by The Silver Fox (aka Douglas Page) ©
I knew if I lived long enough something like this would
happen. Last week I turned 55. Officially, I'm now a Senior Citizen. I'm unaware of any meaningful advantage
this implies other than box boys have begun to ask if they can help me carry the groceries to the car.
I remember when my Dad started to get old. He
didn't look much different to us, but we could tell something odd was happening because he seemed suddenly to start speaking
in Spoonerisms. "Cass the parrots," he'd say when what he meant was "Pass the carrots", or "Shhh, this is an impartant port"
when he meant "important part".
It doesn't help to see this coming. Previous birthdays
do not condition one properly for the onset of antiquity. The pleasant birthdays of one's youth dwindle quickly in importance,
after the passing of such eagerly anticipated milestones as a drivers license, R-Rated movies, and registering to vote. Most
birthdays after that suffer from no significance whatsoever and should probably be avoided altogether.
After enough of them they aren't so much anticipated as
survived. Eventually all of them are dreaded.
I'm in the dreaded phase. The chief consequence of yesterday's
birthday is that I'll be getting mail from AARP. It's not the same as being able to legally buy beer or be elected president.
My wife tried to console me by reminding me of the perks
that come automatically now: Early Bird dinner specials. Senior discount bus fares. Movies for the same price as students.
No thanks. I'd rather pay. The only advantage I can see
is that now I can join the Acid Reflux Lunch Bunch - the row of old boys with prostate issues bellied up to the end of the
counter nearest the men's room at Denny's.
Photographer Richard Avedon was on Charlie Rose the other
night saying there wasn't one good thing about getting old. Not one. He's right.
I mean, what possible joy can there be in going deaf, senile,
gray, and incontinent? Even if you feel okay and they still let you drive at night, your looks give you away. My hair now
is the color of moon dirt and the beard I'm trying to grow was once used by an Angora goat. I feel fine and most of my mind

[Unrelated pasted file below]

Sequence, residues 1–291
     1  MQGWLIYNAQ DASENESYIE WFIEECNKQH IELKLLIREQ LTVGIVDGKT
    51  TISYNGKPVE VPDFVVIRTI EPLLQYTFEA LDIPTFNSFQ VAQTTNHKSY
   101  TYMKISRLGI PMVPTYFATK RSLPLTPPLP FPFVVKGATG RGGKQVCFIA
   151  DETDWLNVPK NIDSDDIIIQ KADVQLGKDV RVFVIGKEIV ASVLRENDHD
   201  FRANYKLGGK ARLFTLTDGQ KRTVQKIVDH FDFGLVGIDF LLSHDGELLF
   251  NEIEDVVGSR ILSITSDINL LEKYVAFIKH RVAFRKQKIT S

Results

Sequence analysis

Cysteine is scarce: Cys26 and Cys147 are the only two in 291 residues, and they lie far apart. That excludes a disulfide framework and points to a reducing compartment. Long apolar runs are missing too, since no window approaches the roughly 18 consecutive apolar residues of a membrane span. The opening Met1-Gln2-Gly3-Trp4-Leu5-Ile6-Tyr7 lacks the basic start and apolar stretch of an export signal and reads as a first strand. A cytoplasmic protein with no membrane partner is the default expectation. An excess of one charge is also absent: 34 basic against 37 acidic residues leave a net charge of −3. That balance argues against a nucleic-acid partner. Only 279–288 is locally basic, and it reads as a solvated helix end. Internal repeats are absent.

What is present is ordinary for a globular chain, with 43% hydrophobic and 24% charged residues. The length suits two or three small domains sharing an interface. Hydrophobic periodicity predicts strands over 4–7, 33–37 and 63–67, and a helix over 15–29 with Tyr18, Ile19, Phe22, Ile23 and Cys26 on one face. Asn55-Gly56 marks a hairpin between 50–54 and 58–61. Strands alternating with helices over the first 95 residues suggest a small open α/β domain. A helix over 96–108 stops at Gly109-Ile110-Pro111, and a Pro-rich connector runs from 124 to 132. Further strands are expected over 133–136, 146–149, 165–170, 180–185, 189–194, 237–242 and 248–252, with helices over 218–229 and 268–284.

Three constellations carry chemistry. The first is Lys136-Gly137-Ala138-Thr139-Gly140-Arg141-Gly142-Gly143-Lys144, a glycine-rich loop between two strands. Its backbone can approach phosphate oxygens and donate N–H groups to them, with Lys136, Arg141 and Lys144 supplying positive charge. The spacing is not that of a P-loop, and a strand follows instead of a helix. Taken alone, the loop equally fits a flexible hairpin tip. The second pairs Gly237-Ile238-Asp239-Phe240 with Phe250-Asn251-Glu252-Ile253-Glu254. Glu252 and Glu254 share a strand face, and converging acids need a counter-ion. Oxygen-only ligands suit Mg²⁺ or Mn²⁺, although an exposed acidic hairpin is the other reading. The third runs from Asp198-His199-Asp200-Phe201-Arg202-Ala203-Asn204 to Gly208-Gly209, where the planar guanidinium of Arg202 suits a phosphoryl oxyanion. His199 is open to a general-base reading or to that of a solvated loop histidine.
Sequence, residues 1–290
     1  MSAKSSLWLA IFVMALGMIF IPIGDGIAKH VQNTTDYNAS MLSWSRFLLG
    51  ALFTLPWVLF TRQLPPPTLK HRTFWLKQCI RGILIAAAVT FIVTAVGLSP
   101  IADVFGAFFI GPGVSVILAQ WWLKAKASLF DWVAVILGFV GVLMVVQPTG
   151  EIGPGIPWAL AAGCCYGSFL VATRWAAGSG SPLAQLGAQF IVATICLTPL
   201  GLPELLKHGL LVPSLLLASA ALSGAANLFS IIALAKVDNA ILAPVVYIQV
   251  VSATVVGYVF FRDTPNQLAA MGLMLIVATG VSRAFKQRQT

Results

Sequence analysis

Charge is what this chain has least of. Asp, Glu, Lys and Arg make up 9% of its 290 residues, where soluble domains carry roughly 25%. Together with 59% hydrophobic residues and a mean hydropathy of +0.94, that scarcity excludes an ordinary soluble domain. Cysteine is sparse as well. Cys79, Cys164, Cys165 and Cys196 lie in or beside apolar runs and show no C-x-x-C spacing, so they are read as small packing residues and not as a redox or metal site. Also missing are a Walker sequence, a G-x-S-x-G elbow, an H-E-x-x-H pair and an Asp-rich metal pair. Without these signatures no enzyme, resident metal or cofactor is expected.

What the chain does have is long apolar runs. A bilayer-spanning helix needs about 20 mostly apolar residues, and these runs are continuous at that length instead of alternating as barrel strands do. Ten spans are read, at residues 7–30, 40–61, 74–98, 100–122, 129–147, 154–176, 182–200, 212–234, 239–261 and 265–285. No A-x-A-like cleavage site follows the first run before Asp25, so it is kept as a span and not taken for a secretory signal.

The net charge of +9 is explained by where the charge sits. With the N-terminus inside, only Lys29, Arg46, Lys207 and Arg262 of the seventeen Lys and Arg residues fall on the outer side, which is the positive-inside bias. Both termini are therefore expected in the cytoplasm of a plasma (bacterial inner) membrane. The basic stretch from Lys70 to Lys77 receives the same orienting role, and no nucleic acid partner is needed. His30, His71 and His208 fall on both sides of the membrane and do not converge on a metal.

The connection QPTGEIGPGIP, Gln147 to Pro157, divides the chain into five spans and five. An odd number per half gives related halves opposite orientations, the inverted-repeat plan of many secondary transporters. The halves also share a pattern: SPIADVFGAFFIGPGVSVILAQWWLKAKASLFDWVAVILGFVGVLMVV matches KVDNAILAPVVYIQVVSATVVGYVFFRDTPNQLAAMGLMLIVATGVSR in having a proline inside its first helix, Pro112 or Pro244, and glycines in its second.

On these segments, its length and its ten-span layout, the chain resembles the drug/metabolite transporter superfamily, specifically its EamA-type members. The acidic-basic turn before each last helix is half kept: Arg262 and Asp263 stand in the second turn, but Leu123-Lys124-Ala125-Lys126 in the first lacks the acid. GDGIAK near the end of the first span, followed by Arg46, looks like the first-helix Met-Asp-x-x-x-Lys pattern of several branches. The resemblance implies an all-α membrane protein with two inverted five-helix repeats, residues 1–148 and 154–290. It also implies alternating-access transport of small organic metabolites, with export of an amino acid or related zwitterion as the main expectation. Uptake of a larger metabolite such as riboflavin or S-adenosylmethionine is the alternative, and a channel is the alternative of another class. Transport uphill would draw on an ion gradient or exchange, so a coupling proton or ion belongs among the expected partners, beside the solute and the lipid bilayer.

never got out of the ninth grade but for some bizarre reason people have started speaking louder and holding the door open
I went on a Tums run to the local Rite Aid drug store after
the birthday dinner and dessert, and the cheery, plump young woman at the counter checking my identification for the check
I'd just written said loudly, "Did you know it's your birthday?"
Now, there are many things I don't know and a lot I've
forgotten, but I've never missed my own birthday. My first wife forgot it one year, but that's another story.
It was a little embarrassing, standing there in front of
several other shoppers who were waiting to pay for their wrapping paper and Christmas lights being asked if I knew it was
"Maybe that explains all the goddamn balloons in the house
today", I said with a practiced Dick Smothers look of incomprehension.
The joke flew off wildly, missing the mark badly.
I guess she was no better at math than at tact because
then she said, again too loudly, "How old are you, anyway?" She looked at me over her glasses, actually expecting
Well, there's not really a good answer to that anymore
so I turned and did a slow Jack Benny take, hoping to find an ally in the group behind me, but this gesture was likewise
lost on a yuppie family in their matching Izod shirts anxious to get home to decorate the tree. They drew closer together
and just starred at me with a look that said any man who doesn't know it's his own birthday would probably touch a child
Before I could generate much indignation I made it worse
and confirmed their senility assumptions all in one great geriatric sweep when I walked off without the collection of Tums
I had just purchased.
Just as I had reached the door, the cheery, plump young
woman waved the bag and shouted, "Sir, you forgot your Tums."
Now, everyone in the front of the store turned in unison
to watch, like they had all gone on Dotage Alert simultaneously. Too bad I wasn't buying condoms.
The yuppie family grinned slightly, only the smiles contained
more pity than compassion and I suspect one or two of the younger ones wondered how geezers like me manage to find our way
home in the dark.
It's not all bad, though. My wife is right about that.
Just a few weeks ago I went to see my son's punk band play at the Whiskey in Hollywood. Like any proud father I showed up
with a camera, and managed to elbow my way across the mosh pit to take a few pictures.
On the way out, struggling against the spool of teenage
bodies wound tightly against the stage, one of the girls perched on the ledge leaned forward, squeezed the back of my
neck and with a sexy, wet voice whispered something that sounded exactly like "Silver Fox" in my ear.
Meezers can get a lot of gilage out of something like that.